January was basically a giant game of “Which cold do you have and have I had that one already?” We all lost horribly. Multiple times. On two occasions, Reid got taken to the doctor when I thought a fever on Day 10 of the cold signaled some other looming infection… only to be told that it was just another virus starting probably. One time that was coupled with breathing issues, but we were told that “we’ll tolerate a little labored breathing, but watch him.” Like… it’s okay if he only chokes a little.


I happened to interpret “watch him” as “obsessively and continuously count his breaths per minute while he sleeps to ascertain if he is in respiratory distress”. So, asthma is fun. In fact, I’m finishing up my own ‘prednisone burst’ as we speak for a little bronchitis that I swore was fine until Andy was like, “YOU SOUND TERRIBLE, TAKE THE MEDICINE.”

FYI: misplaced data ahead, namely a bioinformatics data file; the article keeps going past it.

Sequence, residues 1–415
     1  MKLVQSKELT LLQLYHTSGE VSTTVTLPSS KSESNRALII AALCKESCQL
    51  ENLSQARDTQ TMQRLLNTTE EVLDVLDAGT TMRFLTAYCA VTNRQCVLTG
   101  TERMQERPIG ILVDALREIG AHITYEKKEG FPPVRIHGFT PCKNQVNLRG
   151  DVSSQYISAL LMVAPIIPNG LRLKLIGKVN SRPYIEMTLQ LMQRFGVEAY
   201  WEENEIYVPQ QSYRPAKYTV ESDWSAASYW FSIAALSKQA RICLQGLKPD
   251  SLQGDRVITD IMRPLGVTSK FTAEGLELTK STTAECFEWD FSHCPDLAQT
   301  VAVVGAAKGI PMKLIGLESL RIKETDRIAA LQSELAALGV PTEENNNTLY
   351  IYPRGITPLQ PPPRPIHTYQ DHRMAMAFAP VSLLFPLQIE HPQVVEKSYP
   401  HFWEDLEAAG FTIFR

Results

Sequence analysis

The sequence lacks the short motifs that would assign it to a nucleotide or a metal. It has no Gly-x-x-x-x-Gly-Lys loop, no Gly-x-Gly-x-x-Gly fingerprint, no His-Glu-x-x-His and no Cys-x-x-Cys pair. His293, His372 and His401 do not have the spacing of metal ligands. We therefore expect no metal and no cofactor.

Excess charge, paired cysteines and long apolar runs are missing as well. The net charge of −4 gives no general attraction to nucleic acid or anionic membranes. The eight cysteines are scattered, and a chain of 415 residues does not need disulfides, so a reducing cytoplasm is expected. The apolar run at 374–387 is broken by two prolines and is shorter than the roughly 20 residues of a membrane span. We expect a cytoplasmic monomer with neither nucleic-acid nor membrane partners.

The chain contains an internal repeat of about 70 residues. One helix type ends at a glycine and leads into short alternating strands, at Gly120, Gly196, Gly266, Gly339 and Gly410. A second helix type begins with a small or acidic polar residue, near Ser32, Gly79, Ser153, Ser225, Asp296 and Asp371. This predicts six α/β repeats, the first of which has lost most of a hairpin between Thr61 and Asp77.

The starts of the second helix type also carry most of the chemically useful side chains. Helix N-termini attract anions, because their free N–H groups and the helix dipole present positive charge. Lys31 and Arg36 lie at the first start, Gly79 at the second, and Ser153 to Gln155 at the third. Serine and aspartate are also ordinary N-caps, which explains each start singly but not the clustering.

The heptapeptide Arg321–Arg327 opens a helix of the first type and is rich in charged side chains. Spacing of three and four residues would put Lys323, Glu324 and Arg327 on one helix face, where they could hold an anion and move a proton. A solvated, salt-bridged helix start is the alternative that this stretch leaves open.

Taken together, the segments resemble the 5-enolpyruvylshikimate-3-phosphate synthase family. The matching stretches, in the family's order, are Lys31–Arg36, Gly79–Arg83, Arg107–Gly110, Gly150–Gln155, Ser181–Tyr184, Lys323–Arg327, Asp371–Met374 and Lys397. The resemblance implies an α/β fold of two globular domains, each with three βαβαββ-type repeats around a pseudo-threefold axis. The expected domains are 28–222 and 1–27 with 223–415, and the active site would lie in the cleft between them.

February started like no February should. We lost my Great Uncle Mark unexpectedly, and everyone was completely rocked.

Mark and Marilyn live a couple hours north of here and have been such blessings in our lives. Graham and Reid know them like they know their grandparents or their aunts and uncles. My mind is busy listing this enormous list of things that Mark and Marilyn have done for us… just even since we’ve gotten to Wisconsin, though the list certainly doesn’t start there. Visits to our home, trips for family events, subscriptions to kids magazines, care packages, Christmas presents, recommendation to a local CSA. You name it. Mark was my grandpa’s little brother. I could hear a little of him in Mark’s laugh. None of us were ready for him to go. He certainly will be missed in our little family.